In a city with so many temples it’s no wonder that the Buddhist holidays take on a special significance. And for those that want to really see and feel Thailand and the Thai people in their own element, a trip to the temple on a Buddhist holiday is a must. The locals are happy to have you so long as you dress and behave appropriately. This means, no drinking, no shorts or singles, shirts should have sleeves, short sleeves are fine and trousers or skirts should be worn.
Makha Bucha Day
Makha Bucha Day also follows a lunar calendar and usually falls in February. This is one of the most important of Buddhist holidays and honors the creation of the Sangha, or the monkhood, and the day the most important of Buddha’s teachings were given. This holiday sees Thai faithful at every temple, although Wat Phra Singh has the biggest turnout, walking three times around the Uposatha or Main Hall of the temple, holding flowers, incense and a lighted candle.
Visakha Bucha Day
The Buddhist holiday, Visakha Bucha Day, which falls on the full moon of the 6th lunar month (around May) is one of Thailand’s holiest days as it celebrates the birth, enlightenment and death of Buddha and the Buddhist faithful flock to all the temples around Chiang Mai. An early morning walk up to Wat Phrathat Doi Suthep on Doi Suthep sees hundreds of faithful join.
Asarnha Bucha Day and Awk Phansa
Asarnha Bucha Day falls around July, on the full moon of the8th lunar month celebrates the first sermon given by the Buddha, the following day is the beginning of Buddhist Lent or Khao Phansa, where novices enter the temples as monks and remain there during the rains retreat for 3 months. In Chiang Mai, this is a very popular time for men to enter the temple and you will find ceremonies at most temples around the city.
Awk Phansa is the day that Buddhist Lent ends and falls on the first day of the waning moon of the 11th month or around October. All the monks can now leave the temples. On the same day is the Tak Bat Devorohana where monks leave the temples for the first time to obtain alms. It celebrates the return of Buddha to earth from heaven, where he had been teaching his mother and is most popular at Wat Fai Hin near Chiang Mai University.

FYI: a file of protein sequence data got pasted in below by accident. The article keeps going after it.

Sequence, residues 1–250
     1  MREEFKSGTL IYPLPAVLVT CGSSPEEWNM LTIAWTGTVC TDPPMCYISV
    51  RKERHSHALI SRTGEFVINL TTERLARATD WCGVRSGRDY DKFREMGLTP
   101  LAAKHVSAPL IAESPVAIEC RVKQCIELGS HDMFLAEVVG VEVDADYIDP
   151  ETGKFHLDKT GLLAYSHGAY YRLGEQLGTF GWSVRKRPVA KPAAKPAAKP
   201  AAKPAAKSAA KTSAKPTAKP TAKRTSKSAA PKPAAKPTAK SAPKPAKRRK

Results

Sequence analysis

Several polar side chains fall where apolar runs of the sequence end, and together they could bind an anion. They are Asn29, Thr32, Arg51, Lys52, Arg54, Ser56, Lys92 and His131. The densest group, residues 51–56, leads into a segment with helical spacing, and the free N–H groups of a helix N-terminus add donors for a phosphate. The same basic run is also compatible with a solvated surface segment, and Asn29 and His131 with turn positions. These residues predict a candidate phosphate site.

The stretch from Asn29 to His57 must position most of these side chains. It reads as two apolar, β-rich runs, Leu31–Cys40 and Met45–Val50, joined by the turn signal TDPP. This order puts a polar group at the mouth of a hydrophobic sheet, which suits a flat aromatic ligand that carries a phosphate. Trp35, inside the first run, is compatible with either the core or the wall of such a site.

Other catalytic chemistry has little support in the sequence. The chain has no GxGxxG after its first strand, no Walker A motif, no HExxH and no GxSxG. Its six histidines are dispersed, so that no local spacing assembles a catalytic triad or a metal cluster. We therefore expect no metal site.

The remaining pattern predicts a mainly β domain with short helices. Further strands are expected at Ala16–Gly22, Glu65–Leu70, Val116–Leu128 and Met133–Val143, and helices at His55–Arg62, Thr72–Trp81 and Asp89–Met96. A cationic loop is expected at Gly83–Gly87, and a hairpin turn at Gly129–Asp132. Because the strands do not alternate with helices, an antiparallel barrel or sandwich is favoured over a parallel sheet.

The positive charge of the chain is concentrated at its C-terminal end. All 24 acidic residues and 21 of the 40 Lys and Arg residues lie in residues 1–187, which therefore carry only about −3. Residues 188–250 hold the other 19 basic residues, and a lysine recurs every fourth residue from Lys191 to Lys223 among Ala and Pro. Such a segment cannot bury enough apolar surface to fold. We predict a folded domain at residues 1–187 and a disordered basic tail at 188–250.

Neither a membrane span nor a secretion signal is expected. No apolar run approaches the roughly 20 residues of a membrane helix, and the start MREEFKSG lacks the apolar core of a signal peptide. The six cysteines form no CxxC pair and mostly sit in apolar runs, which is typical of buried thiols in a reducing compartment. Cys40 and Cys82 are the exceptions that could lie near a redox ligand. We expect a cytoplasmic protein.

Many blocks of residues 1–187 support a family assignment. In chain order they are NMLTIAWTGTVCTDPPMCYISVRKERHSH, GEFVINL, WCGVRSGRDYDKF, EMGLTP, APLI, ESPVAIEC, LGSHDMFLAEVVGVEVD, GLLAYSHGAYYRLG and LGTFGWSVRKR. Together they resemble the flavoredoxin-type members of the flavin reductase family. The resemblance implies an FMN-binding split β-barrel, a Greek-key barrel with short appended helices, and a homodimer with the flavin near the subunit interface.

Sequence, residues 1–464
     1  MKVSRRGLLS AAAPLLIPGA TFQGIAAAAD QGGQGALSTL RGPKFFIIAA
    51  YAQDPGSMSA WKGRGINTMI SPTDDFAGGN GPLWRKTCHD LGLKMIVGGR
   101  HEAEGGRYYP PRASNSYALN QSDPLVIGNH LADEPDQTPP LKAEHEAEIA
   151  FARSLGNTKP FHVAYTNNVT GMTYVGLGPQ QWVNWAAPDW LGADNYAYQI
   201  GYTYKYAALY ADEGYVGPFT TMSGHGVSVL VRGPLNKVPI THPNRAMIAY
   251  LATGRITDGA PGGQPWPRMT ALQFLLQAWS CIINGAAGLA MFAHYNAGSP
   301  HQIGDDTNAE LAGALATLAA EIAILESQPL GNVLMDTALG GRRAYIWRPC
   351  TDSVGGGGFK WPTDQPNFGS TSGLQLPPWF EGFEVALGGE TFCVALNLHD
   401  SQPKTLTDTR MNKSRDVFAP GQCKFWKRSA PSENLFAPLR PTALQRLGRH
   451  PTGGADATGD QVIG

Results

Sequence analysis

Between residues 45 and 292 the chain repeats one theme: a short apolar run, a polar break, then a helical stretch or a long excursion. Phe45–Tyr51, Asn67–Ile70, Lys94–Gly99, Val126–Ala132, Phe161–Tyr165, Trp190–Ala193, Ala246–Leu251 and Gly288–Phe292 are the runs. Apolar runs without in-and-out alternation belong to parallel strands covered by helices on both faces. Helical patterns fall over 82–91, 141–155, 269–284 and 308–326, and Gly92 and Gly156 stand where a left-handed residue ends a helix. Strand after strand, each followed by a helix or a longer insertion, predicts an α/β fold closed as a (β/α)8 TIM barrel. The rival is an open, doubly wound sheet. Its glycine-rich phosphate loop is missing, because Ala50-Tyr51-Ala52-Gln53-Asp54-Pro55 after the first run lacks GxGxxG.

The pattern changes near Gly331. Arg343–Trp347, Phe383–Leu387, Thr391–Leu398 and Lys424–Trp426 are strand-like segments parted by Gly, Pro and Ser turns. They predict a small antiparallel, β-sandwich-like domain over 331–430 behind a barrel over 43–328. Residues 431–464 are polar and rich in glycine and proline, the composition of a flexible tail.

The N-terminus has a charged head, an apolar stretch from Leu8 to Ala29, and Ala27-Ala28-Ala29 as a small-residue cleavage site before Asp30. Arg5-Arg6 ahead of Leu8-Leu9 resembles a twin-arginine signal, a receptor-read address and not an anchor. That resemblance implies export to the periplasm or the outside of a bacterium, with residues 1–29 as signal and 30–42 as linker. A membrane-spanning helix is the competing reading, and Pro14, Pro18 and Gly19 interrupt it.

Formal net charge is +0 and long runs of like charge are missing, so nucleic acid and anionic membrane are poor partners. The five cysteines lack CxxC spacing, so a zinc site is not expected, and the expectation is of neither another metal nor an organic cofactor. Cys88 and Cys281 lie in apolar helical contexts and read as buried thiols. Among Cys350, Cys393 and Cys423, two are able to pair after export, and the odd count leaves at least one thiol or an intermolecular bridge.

Smaller Buddhist holy days
Many faithful make merit at the temples on the full moon and most major Buddhist holidays fall on the full moon. So often you will find merit making at local temples, beginning about August is the Salakaphat where lay people offer alms to monks, usually robes and goods. This occurs at all temples but you will see it especially at Wat Chiang Man, Wat Chedi Luang and Wat Suan Dok
Poy Sang Long
April sees the amazing Poy Sang Long Festival, unique to the Shan hilltribe people. Young Shan boys and men dress up in gorgeous glittering finery and are carried on the shoulders of their male relatives in a parade down the city streets. If you are here in early April, surely a glittering sight that shouldn’t be missed.
Tak Bhat Devorohana
On the same day as Awk Phansa is the Tak Bat Devorohana where monks leave the temples for the first time to obtain alms. It celebrates the return of Buddha to earth from heaven, where he had been teaching his mother and is most popular at Wat Fai Hin near Chiang Mai University as monks stream down the hill carrying their bowls.